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Devolution and the regional health divide: a longitudinal ecological study of 14 countries in Europe.

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DuPlessis, Ruth, Milton, B S and Barr, B (2019) 'Devolution and the regional health divide: a longitudinal ecological study of 14 countries in Europe.'. Journal of Public Health, Vol 41, Issue 1, pp. 3-9.

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Abstract

Greater regional devolution can reduce economic inequalities between regions; however, the impact on health inequalities is not clear. We investigated the association between changes over time in the level of devolution in European countries and regional economic and health inequalities. We used the proportion of government expenditure controlled by subnational levels of government as our measure of devolution in 14 European countries between 1995 and 2011. Fixed effects linear regression models were used to analyse trends in the level of devolution, trends in regional economic inequalities (Gini-coefficient) and trends in regional health inequalities (slope index) in life expectancy. Each additional percentage of government expenditure managed at subnational level reduced the Gini-coefficient of regional GDP by -0.17 points (95% CI: -0.33 to -0.01; P = 0.04). However, it increased the slope index of regional life expectancy by 23 days (95% CI: -2 to 48; P = 0.07). When trends in regional economic inequalities were controlled for, as a potential mediator-increased devolution-was significantly associated with an increase in health inequalities between regions (P = 0.01). Increased devolution does not appear to reduce regional health inequalities-even when it reduces regional economic inequalities-and it could be associated with increased health inequalities.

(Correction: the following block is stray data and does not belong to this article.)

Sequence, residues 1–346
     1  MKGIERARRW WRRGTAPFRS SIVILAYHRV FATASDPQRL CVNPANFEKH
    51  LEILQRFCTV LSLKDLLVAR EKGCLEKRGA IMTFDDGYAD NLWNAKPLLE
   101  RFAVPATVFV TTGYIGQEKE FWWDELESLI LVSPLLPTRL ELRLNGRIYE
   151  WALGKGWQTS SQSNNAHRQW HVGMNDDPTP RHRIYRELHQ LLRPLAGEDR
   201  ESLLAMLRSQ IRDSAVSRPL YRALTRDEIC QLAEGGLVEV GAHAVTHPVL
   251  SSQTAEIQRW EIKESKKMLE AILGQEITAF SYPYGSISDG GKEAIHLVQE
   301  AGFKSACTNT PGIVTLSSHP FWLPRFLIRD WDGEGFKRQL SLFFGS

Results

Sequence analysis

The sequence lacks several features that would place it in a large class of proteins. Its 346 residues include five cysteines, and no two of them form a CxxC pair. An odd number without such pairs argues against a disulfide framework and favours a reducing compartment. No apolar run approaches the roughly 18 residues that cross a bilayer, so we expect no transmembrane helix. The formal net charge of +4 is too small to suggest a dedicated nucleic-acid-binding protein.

Item Type: Article
Subjects: W General Medicine. Health Professions > W 74 Medical economics. Health care costs
W General Medicine. Health Professions > Health Services. Patients and Patient Advocacy > W 84.4 Quality of Health Care
W General Medicine. Health Professions > Health Services. Patients and Patient Advocacy > W 84 Health services. Delivery of health care
WA Public Health > Health Administration and Organization > WA 525 General works
WA Public Health > Health Administration and Organization > WA 530 International health administration
Faculty: Department: Biological Sciences > Department of Tropical Disease Biology
Digital Object Identifer (DOI): https://doi.org/10.1093/pubmed/fdy014
SWORD Depositor: JISC Pubrouter
Depositing User: Stacy Murtagh
Date Deposited: 27 Feb 2018 14:40
Last Modified: 16 Aug 2019 15:42
URI: https://archive.lstmed.ac.uk/id/eprint/8280

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